|Scientific name||Tachyglossus aculeatus|
|Length||12 inches (30 cm)|
|Weight||5-13 pounds (2.2-5.9 kg)|
|Life span||50 years|
|Number of eggs||1 at a time|
|Age of maturity||5-12 years|
Echidnas live in many different habitats in Australia. They can live in rain forests, swamps, bush areas, and even deserts. At the Fort Wayne Children’s Zoo, you can see an echidna in the Australia After Dark exhibit.
Echidnas eat small animals like ants, termites, worms, grubs, and other small invertebrates. At the zoo, echidnas eat canned meat and a leaf-eater diet that is mixed into a liquid “shake.”
They look like…well…echidnas
Echidnas are often called “spiny anteaters” because the upper part of their body and tail are covered in long, sharp spines. The pointed spines are mixed with coarse, brown hair covering their round bodies. Echidnas have a tubular hairless snout, no teeth, and weak jaws. They grab insects by extending their long, sticky tongue six to seven inches beyond the tip of their snout. The claws and beak are used to dig into nests of termites and ants to find food. Their small mouth and nostrils are located at the tip of the snout, which helps them search for food in the soil and leaf litter. The snout forms a bill-like structure that can pry under rocks and logs to find food. The mouth can only be opened enough to allow its tongue to pass through. Echidnas have small eyes that are well developed but not as useful while foraging in ant mounds or when underground. It’s very difficult to tell the difference between males and females. Some males have a horny, hollow spur on the ankle of the hind limb, but some females also have spurs.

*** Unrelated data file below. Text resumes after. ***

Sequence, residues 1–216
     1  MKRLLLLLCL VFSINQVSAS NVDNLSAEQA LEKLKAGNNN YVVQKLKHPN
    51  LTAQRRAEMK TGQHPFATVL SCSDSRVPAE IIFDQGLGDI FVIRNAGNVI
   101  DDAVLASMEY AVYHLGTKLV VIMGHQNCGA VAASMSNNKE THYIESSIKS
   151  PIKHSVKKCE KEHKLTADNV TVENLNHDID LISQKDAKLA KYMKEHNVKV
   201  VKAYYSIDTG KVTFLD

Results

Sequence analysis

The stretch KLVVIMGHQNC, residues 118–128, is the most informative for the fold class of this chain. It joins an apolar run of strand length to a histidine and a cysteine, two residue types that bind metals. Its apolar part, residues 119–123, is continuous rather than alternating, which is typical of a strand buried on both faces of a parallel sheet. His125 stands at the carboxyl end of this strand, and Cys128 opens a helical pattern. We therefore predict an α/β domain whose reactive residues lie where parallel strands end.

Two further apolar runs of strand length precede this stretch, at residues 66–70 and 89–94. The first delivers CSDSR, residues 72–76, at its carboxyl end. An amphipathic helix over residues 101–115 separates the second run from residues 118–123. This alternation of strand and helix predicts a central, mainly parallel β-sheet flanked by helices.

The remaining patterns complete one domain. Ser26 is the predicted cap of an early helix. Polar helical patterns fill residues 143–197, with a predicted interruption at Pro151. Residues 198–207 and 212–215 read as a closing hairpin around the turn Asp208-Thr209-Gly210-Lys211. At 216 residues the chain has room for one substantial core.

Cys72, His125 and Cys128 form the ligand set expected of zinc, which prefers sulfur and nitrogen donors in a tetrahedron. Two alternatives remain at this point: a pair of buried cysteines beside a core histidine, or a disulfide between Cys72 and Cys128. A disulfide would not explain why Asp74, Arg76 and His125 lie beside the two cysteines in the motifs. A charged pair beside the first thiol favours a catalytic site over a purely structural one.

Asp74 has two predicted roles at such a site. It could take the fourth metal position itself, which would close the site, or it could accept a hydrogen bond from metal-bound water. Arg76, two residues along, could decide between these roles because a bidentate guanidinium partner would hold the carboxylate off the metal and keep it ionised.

A ramblin’ mammal
Even though they have poor eyesight, echidnas may travel great distances by relying on a keen sense of smell and good hearing. These almost silent animals walk in a rolling, waddling way, partially due to the fact that their rear feet point backwards which helps with digging. They hide under thick bushes, piles of debris, and in hollow logs. Echidnas curl into a ball of spines if frightened or burrow straight down if they are in soft soil. If flipped over on their back, they will use their spines to flip back right-side up. They rely more on their sense of smell and hearing. An echidna’s hearing is so good it can hear a person approaching and take cover long before being seen. Echidnas are difficult to study in the wild because they burrow in the ground, don’t follow a set pattern of behavior and can be active at any time, day or night.
The birth of an echidna
Echidnas are one of the few mammals that lay eggs. Egg laying mammals belong to a group called monotremes. A dime sized, leathery-shelled egg is laid directly into a temporary pouch on the mother. After ten days, a helpless, half-inch inch long offspring hatches. Similar to marsupials, the young are very underdeveloped when they hatch, and they must stay in the mother’s pouch in order to complete their development. The young, called a puggle, leaves its mother’s pouch after several weeks when it begins to grow spines. At that point, the mother sets it in a hollow or cave, where she returns every three to six days to feed it. When it is about seven to eight months old and weighs two to four pounds, it becomes fully independent and moves out.
A little bit of everything
Echidnas are described as having a beak of a bird, spines of a hedgehog, eggs like a reptile, the pouch of a marsupial, and the life span of an elephant.